I know people want there to be a clear #1 RB, but right now (a) I don’t think either player has distinguished himself sufficiently to warrant the bulk of the carries, and (b) I don’t think it really matters.  Smith definitely looked shiftier and sturdier while Green continued that unnerving trend of going down on less contact than you’d expect, and on Gardner’s first run of the year it sure seemed like he was expecting Green to be there and not running the opposite direction.  So it’s a work in progress.  But having two backs who can produce at a high level is perfectly fine for this offense.  Both are young and still developing; in a perfect world one would have red-shirted last year. I would be fine if UM continues to play a backfield by committee as long as everyone continues to average over 10 yards per carry.

Worst:  Just Stop Talking

I’m happy I wasn’t the only one who noticed, but my gawd were the announcers vapid and useless.  Mowins was trying out there, but sometimes a lot can be said by saying very little, and telling me that jerseys have numbers on both sides and that throwing passes to wide-open players is a good sign for an offense are probably best left unsaid.  Though it was nice for her to wax poetically about Union Hall, that historical landmark on UM’s Brooklyn campus where well-to-do “alternative” parents can play Bocce and talk about their lives before they became saturated with urban beekeeping and baby DJ’ing.  She probably felt like she had to compensate for charisma vacuum Joey Galloway, who probably would have had more fun taking selfies and trying to color inside the lines than actually call a football game.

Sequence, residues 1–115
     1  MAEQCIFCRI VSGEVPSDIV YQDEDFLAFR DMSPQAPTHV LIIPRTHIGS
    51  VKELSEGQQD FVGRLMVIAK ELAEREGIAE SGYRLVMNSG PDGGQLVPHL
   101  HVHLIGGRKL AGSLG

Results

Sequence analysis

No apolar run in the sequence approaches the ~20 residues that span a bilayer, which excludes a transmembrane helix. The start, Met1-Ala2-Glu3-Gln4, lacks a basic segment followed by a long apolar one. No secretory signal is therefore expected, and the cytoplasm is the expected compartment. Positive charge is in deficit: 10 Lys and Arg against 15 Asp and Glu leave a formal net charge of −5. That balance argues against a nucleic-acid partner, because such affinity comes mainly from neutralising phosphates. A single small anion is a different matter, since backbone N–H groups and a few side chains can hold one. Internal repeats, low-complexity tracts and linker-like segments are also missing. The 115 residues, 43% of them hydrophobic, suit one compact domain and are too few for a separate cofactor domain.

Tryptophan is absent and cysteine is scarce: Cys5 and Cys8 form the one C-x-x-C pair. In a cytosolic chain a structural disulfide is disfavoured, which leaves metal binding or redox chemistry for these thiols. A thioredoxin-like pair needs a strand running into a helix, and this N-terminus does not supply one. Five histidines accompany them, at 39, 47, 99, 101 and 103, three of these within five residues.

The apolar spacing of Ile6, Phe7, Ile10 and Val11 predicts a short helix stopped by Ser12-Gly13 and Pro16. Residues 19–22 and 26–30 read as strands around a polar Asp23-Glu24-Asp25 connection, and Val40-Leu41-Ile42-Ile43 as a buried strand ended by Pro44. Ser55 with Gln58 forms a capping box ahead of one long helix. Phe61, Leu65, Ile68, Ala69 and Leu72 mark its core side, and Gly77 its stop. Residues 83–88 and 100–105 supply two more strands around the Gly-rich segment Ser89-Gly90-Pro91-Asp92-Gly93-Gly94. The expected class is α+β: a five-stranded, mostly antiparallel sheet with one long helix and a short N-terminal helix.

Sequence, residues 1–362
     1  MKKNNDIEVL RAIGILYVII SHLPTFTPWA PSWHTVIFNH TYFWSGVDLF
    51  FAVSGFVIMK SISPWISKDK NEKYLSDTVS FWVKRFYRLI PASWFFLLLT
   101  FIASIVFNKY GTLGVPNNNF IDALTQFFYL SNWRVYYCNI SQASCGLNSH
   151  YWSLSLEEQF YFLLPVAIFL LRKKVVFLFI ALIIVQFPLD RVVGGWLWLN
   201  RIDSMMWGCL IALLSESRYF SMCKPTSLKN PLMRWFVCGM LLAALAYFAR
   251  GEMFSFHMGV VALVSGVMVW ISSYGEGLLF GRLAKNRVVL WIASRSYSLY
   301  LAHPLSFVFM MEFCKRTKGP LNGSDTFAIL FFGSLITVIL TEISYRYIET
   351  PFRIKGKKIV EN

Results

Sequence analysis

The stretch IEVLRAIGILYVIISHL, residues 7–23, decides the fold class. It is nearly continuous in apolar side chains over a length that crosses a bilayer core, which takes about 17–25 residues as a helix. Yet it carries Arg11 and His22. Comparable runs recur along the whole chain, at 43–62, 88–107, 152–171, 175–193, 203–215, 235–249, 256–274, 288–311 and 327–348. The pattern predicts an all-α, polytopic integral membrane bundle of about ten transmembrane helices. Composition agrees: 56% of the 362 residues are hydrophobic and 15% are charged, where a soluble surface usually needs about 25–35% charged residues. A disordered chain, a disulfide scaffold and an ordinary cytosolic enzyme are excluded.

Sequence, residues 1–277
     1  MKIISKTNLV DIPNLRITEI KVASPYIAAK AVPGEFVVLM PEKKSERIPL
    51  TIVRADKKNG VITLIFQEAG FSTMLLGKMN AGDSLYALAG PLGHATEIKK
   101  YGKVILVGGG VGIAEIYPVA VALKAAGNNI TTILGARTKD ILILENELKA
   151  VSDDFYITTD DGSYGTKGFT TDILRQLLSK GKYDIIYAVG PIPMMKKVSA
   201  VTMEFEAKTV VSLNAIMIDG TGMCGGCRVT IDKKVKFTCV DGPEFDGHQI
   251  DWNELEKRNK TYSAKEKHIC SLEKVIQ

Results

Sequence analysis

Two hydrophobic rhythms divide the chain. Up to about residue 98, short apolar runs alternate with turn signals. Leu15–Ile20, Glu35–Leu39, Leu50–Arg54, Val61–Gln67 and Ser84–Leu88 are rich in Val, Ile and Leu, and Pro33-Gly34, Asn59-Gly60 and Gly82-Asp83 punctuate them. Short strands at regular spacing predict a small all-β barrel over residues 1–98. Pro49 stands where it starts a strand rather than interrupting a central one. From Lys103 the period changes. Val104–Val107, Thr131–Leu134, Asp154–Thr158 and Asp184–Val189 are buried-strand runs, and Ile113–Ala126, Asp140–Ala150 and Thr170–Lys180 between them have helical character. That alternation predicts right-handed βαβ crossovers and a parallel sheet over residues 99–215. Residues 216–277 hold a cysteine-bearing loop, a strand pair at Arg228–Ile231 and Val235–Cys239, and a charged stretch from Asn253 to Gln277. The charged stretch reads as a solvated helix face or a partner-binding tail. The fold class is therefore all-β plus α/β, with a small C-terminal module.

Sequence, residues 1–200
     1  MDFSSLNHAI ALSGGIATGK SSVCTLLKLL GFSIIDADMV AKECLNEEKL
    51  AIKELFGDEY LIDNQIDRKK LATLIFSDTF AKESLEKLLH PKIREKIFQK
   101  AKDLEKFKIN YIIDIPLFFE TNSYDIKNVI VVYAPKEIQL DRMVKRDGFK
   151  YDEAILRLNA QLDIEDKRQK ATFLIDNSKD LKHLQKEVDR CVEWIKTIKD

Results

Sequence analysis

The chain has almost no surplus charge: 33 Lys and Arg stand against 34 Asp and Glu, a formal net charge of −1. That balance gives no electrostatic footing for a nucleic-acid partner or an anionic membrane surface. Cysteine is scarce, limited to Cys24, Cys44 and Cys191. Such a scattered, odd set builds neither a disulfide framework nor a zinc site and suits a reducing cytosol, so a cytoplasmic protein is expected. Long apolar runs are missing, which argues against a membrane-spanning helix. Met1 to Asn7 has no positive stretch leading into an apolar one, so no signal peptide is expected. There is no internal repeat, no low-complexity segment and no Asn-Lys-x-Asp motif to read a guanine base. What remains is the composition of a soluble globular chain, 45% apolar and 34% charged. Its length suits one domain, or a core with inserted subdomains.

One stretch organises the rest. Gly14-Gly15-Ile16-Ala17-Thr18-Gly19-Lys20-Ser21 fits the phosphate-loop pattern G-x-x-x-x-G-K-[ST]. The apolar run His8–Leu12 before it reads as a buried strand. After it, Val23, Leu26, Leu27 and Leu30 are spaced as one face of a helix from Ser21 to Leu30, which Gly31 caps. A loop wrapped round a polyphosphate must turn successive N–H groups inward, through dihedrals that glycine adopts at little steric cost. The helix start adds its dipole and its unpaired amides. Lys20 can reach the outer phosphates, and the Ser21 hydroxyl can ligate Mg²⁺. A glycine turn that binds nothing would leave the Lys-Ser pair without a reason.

Quick diatribe:  I remain flabbergasted that former athletes keep getting recruited for on-air speaking roles based on whatever minimal “name recognition” they have from their playing days.  I know Troy Aikman has become a competent announcer, but this was me for years listening to him call a Cowboys-Eagles game.

They rarely bring meaningful insights to the proceedings, and for every Spielman or Collinsworth you get a dozen Robert Smiths and whoever that former Northwestern DB who can’t string two sentences together.  Not to make light of the situation, but lots of these guys stopped playing in part because their bodies were breaking down and they had suffered untold cranial injuries.  At their best most of these guys were average public speakers, yet every year we keep putting suits on them, handing them a hot mic, and expecting them to be great orators.  There’s a reason Robert Smith isn’t a doctor like he always said he would be, and while that’s probably in large part due to him being a f**king pretentious goober, the concussions probably didn’t help.  It’ll never change, but one of these days I hope executives wake up and just let people who know about football talk about it and not try to shoehorn in these human props in 3-piece suits.

Worst:  You ate my last Fig Thing
I’m pretty down on Notre Dame, even with their solid win over Rice.  It looks like a team with talented starters and a huge chasm to the backups.  Golson is a weapon, but I just don’t see the playmakers like they had in years past, and the defense is replacing NFL draft picks with question marks in the front 7.  It will be close because these games tend to be, but UM should enter this game the favorite regardless of ND’s pre-season ranking.